UNDP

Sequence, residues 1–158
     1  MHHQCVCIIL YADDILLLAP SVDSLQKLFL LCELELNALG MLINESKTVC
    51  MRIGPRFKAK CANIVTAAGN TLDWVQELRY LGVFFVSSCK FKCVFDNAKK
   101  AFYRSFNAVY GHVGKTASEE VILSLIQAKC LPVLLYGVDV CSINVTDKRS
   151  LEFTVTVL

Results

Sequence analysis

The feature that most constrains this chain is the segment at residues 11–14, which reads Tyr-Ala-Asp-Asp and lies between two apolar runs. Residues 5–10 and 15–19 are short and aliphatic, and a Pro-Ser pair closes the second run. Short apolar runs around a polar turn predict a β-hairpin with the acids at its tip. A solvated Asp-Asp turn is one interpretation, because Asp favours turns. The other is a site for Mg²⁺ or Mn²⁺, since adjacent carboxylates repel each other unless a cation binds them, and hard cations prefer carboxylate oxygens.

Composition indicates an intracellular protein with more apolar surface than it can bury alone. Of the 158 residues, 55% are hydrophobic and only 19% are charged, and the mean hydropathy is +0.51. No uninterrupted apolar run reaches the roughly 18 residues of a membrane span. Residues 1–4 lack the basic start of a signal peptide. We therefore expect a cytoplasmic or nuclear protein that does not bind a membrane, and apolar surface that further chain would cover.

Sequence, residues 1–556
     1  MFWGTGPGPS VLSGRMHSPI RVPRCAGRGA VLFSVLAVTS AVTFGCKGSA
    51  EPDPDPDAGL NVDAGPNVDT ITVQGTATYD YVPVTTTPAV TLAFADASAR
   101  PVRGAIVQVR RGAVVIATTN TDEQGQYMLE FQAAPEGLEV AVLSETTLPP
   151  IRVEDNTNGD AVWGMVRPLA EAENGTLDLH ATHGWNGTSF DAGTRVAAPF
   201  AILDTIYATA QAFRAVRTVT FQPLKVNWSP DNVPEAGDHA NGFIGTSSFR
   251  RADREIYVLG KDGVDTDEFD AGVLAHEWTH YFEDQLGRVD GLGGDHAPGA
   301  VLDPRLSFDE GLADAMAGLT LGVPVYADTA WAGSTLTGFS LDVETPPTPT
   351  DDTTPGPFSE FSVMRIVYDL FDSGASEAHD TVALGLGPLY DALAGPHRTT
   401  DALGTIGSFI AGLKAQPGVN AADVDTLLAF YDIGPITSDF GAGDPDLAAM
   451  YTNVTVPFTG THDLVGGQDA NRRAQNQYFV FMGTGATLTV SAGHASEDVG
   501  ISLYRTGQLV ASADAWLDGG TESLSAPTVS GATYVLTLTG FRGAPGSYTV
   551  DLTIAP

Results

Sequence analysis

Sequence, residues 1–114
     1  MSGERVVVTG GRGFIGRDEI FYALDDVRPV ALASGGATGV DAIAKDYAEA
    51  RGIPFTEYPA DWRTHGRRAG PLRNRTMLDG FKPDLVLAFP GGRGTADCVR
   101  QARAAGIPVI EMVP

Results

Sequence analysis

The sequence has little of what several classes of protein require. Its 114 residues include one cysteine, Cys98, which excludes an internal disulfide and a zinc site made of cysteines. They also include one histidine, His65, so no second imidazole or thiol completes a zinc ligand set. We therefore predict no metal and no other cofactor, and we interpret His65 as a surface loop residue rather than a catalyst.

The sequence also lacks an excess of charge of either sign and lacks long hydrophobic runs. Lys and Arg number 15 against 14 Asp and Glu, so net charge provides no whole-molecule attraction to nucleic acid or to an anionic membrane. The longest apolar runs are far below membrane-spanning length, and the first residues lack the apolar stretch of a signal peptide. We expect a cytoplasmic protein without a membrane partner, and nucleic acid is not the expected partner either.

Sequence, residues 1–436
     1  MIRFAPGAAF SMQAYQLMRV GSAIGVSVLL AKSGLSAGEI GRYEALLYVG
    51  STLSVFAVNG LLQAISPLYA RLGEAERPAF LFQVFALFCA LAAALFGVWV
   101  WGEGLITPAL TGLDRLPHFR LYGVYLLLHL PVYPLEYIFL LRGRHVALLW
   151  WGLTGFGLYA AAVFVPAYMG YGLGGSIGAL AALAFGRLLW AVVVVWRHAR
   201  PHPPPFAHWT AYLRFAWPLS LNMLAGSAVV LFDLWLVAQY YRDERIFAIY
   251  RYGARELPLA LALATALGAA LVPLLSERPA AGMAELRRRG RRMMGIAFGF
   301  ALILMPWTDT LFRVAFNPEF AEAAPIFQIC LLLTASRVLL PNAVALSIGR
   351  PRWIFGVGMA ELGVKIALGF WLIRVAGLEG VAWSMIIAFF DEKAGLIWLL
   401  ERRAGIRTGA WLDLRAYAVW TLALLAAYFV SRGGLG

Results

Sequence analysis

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    Background: UNDP Global Mission Statement: The UNDP is a global development network, an agency that facilitates progress and links countries with expertise , experience and tools to help people create a better life. UNDP is on the ground in about 170 countries and territories, working with national counterparts on solutions to global and national development challenges. UNDP Afghanistan Mission Statement: UNDP supports the stabilization, state-building, governance and growth goals of Afghanistan. UNDP, in partnership with the Government, the United Nations system, the donor community and other development stakeholders, helps countries to achieve sustainable development by eradicating poverty in all its Forms and dimensions, driving systemic changes for sustainable growth and building resilience to crises and shocks. In Afghanistan, a country in war, the UNDP is working on development and recovery options that minimize vulnerability and contribute to a development perspective to improve humanitarian and peace-building responses. Organizational Context: The UNDP is committed to supporting and helping the Government of the Islamic Republic of Afghanistan (GoIRA) to achieve its main goals of self-reliance and stability. The task of transitioning from war to a peace economy. To achieve these objectives, the Government has established a detailed set of national priorities within the Afghanistan National Framework for Peace and Development (ANPDF). To achieve the Agenda 2030, the Government has also developed a set of 16 Afghan Sustainable Development Goals (A-SDGs) and ten national priority programs (NPPs) to place the country on a path towards sustainable development. Progress towards self-reliance and peace across the country will be guided and measured by the targets and indicators described in each of these frameworks. In support of the Government’s efforts to adopt the ANPDF, the NPPs and the A-SDGs, the UNDP provides a special and highly integrated sustainable development model focused mainly on its conventional strengths Three primary areas: Promoting Human Development to improve human wellbeing, resilience and support environmental sustainability; Providing technical expertise in the use of a Multi-Dimensional Poverty approach to reduce vulnerabilities, inequalities and exclusions; Promoting Human Rights to ensure a fair distribution of development opportunities and benefits in social, political, economic and environmental dimensions. In addition, UNDP now has the Mandate to support SDG Integration to ensure faster progress on sustainable development and can offer support in four areas, (1) Integrated policy and  programming solutions, (2) SDG metrics, data and analysis using state-of-the-art tools for modelling and forecasting, (3) Knowledge and innovation and (4) SDG Financing services to help countries identify innovative ways to expand public and private contributions to reach the 2030 agenda. Lastly, the COVID-19 pandemic has also highlighted an urgent need to adopt a Systems Approach that is orientated towards building Resilience to future shocks through continuously reviewed scenario analyses. However, to make significant progress on the many highly complex development issues that face the country will require new ways of thinking, new skills and a much more collaborative and inclusive approach. UNDP will need to: Attract the right staff: New staff need to be engaged who have the sort of development policy expertise required to tackle the many highly complex development issues facing the country. As the COVID-19 crisis has clearly shown, these staff will need to be able to understand the interconnections and interrelationships between different issues and be able to incorporate multiple-perspectives in the approaches developed. For example, to move people out of multi-dimensional poverty, a systemic understanding of the interplay between socio-economic factors, regional differences, and shifts in the political economy will be needed; Provide high-quality policy analysis: To ensure that interventions selected are those most likely to have the greatest national-level impact, UNDP’s economic modelling team will carry out economic analyses of the options available to help build greater trust in Government, reduce the economic impact of COVID-19 and help to forge a sustainable peace; Develop new modes of collaboration: UNDP’s new way of doing business will also involve leveraging a wider range of expertise and resources by working across organizations through a Government-led platform approach. Country Support Platforms harness collective intelligence and action to benefit communities and people at a greater scale, more quickly, making the best use of resources. This job description is a direct response to these needs and UNDP’s improved business model. It reflects a new office structure that has recently been put in place to support the vision expressed in an emerging portfolio of ten new Country Office (CO) programmes and to facilitate a more collaborative approach to work across the office and with external partners. This structure is also designed to provide the foundation for a new emphasis on sub-national level work, support higher delivery rates, and to transform UNDP into a learning organization and ‘fit-for-purpose’ to deliver on Agenda 2030 which in turn will support national staff and institutional capacity development. The design of UNDP’s new programme portfolio is intended to support progress towards sustainable development and sustainable peace. It focuses on economic transformation, sustainable energy, social protection, environment and climate change, and governance issues such as anti-corruption, local government, justice and security sector reform, peace and reconciliation. The design of each of these programmes is based on the UN’s three core principles of human rights, gender equality and women’s empowerment, and environmental sustainability and is guided by the UNDP Strategic Plan (2018-2021). Taken together and implemented in an integrated way through a platform approach, the proposed programmes will contribute towards achieving Peace, Prosperity and Sustainability in Afghanistan. Each of these themes is reflected in the new organizational structure for the CO. In this context, the Economist is an integral part of the  SDG Integration and Policy  Lab, housing UNDP’s economic modeling, R&D, and innovation expertise as well as a reinvigorated Development Effectiveness Team, which will continue the work of the SPRU team and ensure closer integration with the ground-level work of programmes and projects. The structure of the programme portfolios will follow the design of UNDP’s CPD and ongoing work to develop a renewed programme strategy.